Harvard College Honor Code
Please note that all student work should be completed according to the standards outlined in the Harvard College Honor Code. Courses should devise and publish policies (e.g., a clear statement of proper and improper collaboration) and practices (e.g., all papers be submitted via a dropbox topic box on the course website) that encourage academic integrity. Instructors are also encouraged to discuss the standards of academic integrity for the discipline and collaboration policies explicitly before giving an assignment.
If an instructor suspects that a student has violated the standards of the Honor Code and academic integrity, he or she should contact Honor Council Secretary Brett Flehinger to discuss the situation. Teaching Fellows and Teaching Assistants are encouraged to speak first with the course head before reaching out to Dean Flehinger.
The Honor Council, composed of students, faculty, and administrators, reviews academic violations including:
- submission of exams not written by the student
- submission of work not produced by the student
- deliberate or unintentional misuse of sources (often Internet sources)
- improper collaboration
- double submission (i.e., submission of the same work to more than one course, regardless of when)
- submission (usually via e-mail) of blank or deliberately corrupted documents
- forged e-mails that explain purported technical or other difficulties and missed deadlines
The Honor Council will work with the course to investigate the situation and discuss possible outcomes. Learn more about the Honor Council.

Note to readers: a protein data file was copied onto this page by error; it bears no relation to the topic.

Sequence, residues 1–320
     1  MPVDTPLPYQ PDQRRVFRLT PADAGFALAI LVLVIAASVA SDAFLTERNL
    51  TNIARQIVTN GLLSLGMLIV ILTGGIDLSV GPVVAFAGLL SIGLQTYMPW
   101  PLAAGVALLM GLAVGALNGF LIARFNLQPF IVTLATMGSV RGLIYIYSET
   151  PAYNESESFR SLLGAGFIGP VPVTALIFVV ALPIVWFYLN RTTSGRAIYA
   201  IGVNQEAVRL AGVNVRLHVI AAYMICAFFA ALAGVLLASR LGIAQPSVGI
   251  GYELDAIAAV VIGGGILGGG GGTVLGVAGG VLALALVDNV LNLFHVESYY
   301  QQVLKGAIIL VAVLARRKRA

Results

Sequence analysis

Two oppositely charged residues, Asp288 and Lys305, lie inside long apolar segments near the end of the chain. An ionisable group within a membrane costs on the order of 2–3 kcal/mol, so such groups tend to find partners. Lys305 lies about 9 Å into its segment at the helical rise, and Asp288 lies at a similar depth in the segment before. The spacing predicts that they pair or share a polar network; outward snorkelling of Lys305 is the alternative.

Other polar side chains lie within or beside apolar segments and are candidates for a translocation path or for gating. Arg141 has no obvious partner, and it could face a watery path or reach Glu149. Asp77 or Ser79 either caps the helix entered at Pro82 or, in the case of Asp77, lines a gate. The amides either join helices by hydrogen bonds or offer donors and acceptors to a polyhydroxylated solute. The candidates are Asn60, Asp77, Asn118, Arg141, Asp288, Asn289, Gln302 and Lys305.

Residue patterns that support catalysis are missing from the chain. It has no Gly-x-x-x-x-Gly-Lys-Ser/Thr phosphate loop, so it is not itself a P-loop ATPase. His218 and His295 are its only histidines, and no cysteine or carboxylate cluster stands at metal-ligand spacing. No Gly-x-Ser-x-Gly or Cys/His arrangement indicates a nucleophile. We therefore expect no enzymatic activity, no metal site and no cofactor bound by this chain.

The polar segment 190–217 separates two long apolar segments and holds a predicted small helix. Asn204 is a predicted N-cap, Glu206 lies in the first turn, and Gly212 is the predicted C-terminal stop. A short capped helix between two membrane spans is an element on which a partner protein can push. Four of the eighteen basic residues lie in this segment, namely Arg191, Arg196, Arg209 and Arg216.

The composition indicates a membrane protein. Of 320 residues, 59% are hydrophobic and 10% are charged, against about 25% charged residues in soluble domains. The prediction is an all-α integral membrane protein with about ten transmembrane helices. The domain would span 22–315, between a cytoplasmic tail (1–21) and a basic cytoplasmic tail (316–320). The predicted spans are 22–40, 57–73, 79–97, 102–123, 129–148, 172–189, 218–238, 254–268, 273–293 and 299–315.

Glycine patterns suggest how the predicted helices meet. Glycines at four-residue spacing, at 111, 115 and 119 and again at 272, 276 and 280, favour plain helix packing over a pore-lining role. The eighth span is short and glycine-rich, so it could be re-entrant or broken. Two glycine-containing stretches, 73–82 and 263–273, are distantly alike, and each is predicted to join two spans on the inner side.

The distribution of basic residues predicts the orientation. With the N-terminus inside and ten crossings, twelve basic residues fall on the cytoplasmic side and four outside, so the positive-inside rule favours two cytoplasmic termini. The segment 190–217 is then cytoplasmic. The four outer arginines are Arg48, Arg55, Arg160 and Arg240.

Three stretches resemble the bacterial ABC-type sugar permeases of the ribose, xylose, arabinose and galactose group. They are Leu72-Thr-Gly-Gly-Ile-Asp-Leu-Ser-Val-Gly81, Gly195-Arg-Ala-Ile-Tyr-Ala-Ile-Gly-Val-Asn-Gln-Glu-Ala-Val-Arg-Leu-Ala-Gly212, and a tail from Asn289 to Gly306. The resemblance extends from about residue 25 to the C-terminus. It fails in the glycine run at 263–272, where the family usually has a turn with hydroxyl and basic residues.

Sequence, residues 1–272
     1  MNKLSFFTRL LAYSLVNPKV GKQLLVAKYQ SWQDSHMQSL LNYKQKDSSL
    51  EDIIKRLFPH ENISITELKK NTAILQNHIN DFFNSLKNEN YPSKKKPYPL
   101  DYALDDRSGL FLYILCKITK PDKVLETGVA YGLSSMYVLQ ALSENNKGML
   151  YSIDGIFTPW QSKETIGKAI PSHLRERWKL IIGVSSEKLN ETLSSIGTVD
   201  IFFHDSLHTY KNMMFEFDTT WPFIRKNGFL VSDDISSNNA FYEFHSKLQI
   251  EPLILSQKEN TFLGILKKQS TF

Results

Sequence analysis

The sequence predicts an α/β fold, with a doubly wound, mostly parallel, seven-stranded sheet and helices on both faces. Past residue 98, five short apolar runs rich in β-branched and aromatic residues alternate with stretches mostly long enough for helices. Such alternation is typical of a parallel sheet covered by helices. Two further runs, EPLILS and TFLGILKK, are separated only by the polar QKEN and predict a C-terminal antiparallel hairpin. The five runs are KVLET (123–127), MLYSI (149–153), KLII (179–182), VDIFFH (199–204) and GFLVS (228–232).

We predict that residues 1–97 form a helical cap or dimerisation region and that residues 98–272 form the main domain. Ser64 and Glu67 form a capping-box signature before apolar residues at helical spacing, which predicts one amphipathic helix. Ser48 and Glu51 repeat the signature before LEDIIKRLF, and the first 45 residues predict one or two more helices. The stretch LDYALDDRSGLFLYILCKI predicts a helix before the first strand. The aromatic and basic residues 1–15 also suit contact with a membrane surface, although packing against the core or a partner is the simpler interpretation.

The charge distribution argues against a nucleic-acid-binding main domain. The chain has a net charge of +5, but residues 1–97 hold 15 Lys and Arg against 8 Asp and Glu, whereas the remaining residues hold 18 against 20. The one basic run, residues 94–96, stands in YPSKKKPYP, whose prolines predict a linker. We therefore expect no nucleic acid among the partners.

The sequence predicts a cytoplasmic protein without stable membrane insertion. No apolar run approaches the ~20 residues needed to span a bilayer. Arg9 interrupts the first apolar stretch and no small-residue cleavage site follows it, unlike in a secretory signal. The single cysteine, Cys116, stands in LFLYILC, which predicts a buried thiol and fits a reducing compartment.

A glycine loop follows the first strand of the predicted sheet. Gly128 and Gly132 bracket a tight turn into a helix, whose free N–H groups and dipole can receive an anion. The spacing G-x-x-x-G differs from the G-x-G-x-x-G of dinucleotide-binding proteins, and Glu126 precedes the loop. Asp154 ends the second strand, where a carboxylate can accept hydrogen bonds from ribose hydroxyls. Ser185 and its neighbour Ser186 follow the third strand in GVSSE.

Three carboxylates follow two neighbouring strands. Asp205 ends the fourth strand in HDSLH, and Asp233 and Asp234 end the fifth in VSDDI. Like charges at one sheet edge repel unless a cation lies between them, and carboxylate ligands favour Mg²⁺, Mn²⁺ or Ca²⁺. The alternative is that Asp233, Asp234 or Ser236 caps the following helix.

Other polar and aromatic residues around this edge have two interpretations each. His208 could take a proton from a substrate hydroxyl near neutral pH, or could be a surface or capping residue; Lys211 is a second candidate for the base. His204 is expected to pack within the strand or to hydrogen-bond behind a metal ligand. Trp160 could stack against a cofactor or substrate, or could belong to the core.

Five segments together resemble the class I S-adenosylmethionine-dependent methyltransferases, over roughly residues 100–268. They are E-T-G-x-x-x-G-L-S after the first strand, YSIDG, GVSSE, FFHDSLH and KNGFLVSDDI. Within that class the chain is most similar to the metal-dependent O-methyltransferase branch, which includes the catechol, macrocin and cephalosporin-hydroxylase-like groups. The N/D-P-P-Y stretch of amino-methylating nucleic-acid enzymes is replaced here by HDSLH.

Often times, lapses of academic integrity are indications of extreme stress or other issues. By referring these issues to the Honor Council, students are able to receive the help they need. In general, course heads should not submit a final grade for any student who may be subject to disciplinary action. Course heads and TFs wishing to discuss potential cases prior to contacting the Honor Council, may contact Gen Ed Administrative Director Stephanie Kenen.
Please note the policy on collaboration, which has been in place since the 2010-2011 academic year:
Unless otherwise stated on the syllabus or website, when collaboration is permitted within a course students must acknowledge any collaboration and its extent in all submitted work; however, students need not acknowledge discussion with others of general approaches to the assignment or assistance with proofreading. If the syllabus or website does not include a policy on collaboration, students may assume that collaboration in the completion of assignments is permitted. Collaboration in the completion of examinations is always prohibited.
Read more about “Academic Integrity and Academic Dishonesty” in the Harvard College Handbook for Students.